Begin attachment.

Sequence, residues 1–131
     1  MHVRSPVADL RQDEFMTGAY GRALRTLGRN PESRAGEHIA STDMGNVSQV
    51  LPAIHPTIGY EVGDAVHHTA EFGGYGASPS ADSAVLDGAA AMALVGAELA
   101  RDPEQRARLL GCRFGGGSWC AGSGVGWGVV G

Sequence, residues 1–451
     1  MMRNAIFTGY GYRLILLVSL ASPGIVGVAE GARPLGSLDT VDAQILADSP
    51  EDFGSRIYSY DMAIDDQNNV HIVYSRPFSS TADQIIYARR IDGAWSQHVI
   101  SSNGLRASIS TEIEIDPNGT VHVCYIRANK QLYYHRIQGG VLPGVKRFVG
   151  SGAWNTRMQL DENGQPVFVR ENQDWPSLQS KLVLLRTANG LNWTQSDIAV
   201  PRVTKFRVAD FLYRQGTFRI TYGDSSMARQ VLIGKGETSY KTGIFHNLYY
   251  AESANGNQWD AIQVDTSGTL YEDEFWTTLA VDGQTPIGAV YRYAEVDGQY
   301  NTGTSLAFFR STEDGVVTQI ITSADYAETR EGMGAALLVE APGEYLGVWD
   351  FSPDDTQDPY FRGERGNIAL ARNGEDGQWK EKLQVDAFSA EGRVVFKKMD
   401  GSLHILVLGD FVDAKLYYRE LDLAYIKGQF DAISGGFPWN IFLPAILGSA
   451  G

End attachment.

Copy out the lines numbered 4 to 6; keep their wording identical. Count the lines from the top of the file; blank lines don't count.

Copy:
   101  RDPEQRARLL GCRFGGGSWC AGSGVGWGVV G

Sequence, residues 1–451
     1  MMRNAIFTGY GYRLILLVSL ASPGIVGVAE GARPLGSLDT VDAQILADSP